Then next night she and I go out to a bar and on the way home she tells me she's hungry. I head to a diner so that she can get something for her new veg-diet.

    She insists on Krystal's.

    For those of you not in the Krystal's part of the US, it's basically mini-hamburgers. A total gutbomb.

    It frustrated me to no end. From then on, I wouldn't cook "special" for her except for the knowledge that she could not, and never has been able to, stand chicken.

  56. I can understand your frustration, but it can work both ways. I'm a vegetarian of the classic meaning, and recently I went to a party where the host prepared a salmon dish just for me and actually told the other guests off when they went to take a piece. I had to gently explain I didn't eat fish or meat. Then other times I have ordered vegetarian food in restaurants and it comes covered in meat gravy or a noodle dish that had dried fish grated over the top. No wonder some people get confused!

  57. My mom raised me as a vegetarian and I have remained so for my whole 38 years. Being a vegetarian kid in the 70's meant freaking people out everywhere. Believe it or not I used to get taunted a lot in the school cafeteria.

    Whatever. I didn't really care much. But I just wanted to say that back then, before the vegetarian movement really took off, the definition of vegetarian was very simple:

    no flesh eating.

    We ate products of animals and we ate eggs because even though eggs are animal protein, they weren't developed.

    It wasn't a political statement my mom was making, it wasn't to be cool, it wasn't because she loved animals (though she does), it was simply that she believed a vegetarian diet was a healthier one than a meat based one.

    And now there is plenty of science to back up her beliefs.

    Anyway- To me there is only one definition of vegetarian and that is to not eat flesh.

    All the people who are vegetarians but eat fish aren't vegetarians in my book and they have filled my life with annoying complications such as others have mentioned here. People always want to know what the exception to my non-meat-eating diet is.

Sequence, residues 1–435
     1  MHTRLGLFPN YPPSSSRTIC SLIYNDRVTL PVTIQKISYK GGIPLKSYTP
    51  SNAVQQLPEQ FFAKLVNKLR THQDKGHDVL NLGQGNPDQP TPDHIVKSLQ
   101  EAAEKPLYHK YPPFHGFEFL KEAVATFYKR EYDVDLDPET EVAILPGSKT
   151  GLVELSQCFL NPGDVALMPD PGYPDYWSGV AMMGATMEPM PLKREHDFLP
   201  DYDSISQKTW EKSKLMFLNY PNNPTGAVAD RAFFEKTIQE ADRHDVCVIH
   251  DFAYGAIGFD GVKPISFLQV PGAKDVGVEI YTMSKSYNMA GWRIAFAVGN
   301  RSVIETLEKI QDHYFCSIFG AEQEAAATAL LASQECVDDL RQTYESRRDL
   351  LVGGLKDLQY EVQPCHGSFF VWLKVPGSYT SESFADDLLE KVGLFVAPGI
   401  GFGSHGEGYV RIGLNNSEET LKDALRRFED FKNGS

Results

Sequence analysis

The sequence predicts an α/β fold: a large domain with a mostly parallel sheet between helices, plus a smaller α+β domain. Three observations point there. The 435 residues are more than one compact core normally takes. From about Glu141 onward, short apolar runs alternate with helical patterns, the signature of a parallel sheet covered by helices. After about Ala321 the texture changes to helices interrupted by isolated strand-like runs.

There's no exception. AAAARGH!

    Vegetarian=no flesh
    Vegan=no animal product at all

    That's simple.

    I really loved this post.

  58. Oooh, if you want to see some really fun poking at picky eaters, you have to see the hummus posting at If you are lucky, you'll be called both a veggie hater AND a racist.

  59. Brilliant post, very enjoyable to read. I think you've expressed the feeling of many professional cooks out there, who have to deal with customers who have special "preferences" (versus justifiable dietary restrictions) on a daily basis. But at least they get paid and its just part of the Dark Side to the job to put up with such things.

    Being a guest in someone's home, however...I'm surprised at how rude some people can be. I'd be hard-pressed to invite them back.

  60. I'm not going to serve a ham sammich with tomatoes to a practicing Muslim who gags at the thought of a sliced tomato touching their food.

    HAHAHAHAH. I love it.

    As a practicing Muslim, I'd feel safe eating at your house, knowing that you wouldn't let any green bellpeppers touch my panchetta.

  61. There is a term for those "so-called" vegetarians who on occasion will eat meat, primarily chicken or the "fish-eating-vegetarians. They are called "flexitarians" and I am one of them. I follow a plant based diet because it works for me and I consider it to be a more healthy way to eat. However, I will on occasion eat my mother's grilled chicken when I travel home and for the holidays I will eat turkey. Because of this, I tell people I am a flexitarian, rather than a vegeterian.